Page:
Another key requirement is regarding the timescales of and quality of delivery expected of the systems provider. Retailers always want solutions delivered as quickly as possible because that’s the way their business works. Unfortunately a number of retailers have had software delivered from partner companies where the timescales have been reasonable but they have later found the product to be lacking in design or delivery quality. In these circumstances the software would have to be re-developed and re-tested. It’s therefore important that any software delivered is not only timely in the first instance, but also maintains certain standards of design and delivery accuracy because this means that subsequent implementation timetables can be adhered to and costs are contained.
Being part of a Community
Packaged solutions are key to being part of a community. Retailers are looking for positive roadmaps where they don’t feel that they are developing 100% of the product themselves. Meaning that they don’t bare the sole burden of cost for functional business driven changes being developed within the system.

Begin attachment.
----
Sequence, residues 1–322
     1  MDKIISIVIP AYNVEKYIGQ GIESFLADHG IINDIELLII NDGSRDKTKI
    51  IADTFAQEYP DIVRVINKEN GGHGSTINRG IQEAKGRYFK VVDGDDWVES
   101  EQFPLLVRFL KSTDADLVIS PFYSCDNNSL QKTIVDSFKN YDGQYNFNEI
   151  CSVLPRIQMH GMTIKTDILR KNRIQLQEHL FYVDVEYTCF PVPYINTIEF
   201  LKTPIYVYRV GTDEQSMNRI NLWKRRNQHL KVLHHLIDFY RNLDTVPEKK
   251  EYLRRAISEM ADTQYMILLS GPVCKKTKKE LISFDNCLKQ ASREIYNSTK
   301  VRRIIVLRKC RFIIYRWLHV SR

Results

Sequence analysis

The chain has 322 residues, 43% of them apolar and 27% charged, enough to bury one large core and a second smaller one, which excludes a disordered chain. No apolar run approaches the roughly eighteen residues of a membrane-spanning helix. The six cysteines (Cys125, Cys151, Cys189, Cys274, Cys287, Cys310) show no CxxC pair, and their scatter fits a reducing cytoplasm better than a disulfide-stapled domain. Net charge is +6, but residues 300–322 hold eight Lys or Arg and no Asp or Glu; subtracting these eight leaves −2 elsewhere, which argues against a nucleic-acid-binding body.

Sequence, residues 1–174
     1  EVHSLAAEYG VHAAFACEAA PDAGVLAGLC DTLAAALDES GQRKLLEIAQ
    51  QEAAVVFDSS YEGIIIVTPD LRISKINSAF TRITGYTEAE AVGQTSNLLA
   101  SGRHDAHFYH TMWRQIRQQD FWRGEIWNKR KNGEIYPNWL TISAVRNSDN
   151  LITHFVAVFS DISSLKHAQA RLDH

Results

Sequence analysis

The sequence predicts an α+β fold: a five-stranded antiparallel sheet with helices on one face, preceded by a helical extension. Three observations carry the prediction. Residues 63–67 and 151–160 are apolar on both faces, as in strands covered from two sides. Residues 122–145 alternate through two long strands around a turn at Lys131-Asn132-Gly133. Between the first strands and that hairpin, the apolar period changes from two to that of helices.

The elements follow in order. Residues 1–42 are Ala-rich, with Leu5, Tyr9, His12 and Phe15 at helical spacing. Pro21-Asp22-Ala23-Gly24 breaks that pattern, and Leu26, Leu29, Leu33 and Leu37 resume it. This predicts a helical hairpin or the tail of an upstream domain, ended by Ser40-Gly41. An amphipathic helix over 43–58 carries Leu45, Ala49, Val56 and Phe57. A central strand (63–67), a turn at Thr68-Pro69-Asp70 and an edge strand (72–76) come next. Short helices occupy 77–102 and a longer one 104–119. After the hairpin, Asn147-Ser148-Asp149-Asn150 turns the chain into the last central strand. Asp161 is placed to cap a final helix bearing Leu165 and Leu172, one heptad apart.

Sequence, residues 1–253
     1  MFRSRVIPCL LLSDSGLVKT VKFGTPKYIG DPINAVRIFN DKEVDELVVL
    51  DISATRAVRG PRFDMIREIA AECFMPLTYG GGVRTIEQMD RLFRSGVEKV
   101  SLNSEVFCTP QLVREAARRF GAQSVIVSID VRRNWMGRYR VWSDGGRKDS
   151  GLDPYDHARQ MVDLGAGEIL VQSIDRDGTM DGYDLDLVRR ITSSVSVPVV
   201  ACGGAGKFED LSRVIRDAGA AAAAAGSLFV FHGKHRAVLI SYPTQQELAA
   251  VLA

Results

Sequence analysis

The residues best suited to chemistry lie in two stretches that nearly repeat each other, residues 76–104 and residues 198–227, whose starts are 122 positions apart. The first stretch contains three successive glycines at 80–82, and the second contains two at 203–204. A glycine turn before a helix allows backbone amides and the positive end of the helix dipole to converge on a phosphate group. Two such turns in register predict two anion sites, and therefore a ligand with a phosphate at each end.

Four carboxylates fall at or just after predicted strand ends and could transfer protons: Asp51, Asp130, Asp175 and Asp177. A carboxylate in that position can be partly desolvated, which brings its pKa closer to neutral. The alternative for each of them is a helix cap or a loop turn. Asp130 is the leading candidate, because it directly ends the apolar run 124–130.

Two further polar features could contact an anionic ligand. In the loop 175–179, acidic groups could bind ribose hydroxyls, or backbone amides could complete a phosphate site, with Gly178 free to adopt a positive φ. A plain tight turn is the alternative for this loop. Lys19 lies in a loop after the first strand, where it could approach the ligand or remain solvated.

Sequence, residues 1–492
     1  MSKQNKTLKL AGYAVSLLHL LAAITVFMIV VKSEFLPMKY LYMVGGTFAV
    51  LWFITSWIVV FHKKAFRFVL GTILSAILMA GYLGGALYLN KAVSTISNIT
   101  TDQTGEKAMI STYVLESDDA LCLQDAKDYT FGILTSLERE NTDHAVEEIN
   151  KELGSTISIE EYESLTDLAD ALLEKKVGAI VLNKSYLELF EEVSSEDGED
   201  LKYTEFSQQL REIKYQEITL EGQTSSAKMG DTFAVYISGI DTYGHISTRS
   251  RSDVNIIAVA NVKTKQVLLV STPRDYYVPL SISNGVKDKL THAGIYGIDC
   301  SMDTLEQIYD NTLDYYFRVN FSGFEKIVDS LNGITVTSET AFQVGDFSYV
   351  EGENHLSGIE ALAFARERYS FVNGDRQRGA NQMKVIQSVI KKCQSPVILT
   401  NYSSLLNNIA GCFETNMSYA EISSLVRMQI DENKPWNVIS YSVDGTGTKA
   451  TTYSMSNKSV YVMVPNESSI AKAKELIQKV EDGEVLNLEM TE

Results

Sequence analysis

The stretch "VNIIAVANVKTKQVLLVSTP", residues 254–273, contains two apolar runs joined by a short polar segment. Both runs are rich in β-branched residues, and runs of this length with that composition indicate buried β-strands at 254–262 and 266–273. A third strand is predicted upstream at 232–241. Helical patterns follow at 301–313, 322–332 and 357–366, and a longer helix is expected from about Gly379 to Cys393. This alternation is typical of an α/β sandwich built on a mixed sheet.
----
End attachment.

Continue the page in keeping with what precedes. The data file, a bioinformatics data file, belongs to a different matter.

In contrast, technical change, isn’t always business focused, but is key to keeping a product or package on track. Auditability, purging, re-platforming and performance are all things that typically don’t hit the headlines, however if you don’t keep putting effort and work into these areas, they slip behind and retailers can suddenly find that a product is no longer fit for use. A mixture of functional changes and technology platform changes are key to keeping a product fresh.
Ease of Use
As IT systems develop, there is a tendency for them to become more and more complicated. There is a balance between providing rich functionality and actually losing the intended audience. It’s key to improve functionality whilst maintaining a simple design to ensure usability. Tied to this is the requirement for auditability and visibility of processes. Individual users may need to track orders made by others for example. Processes should appear simple to the end user, whilst maintaining required levels of complexity ‘under the covers’.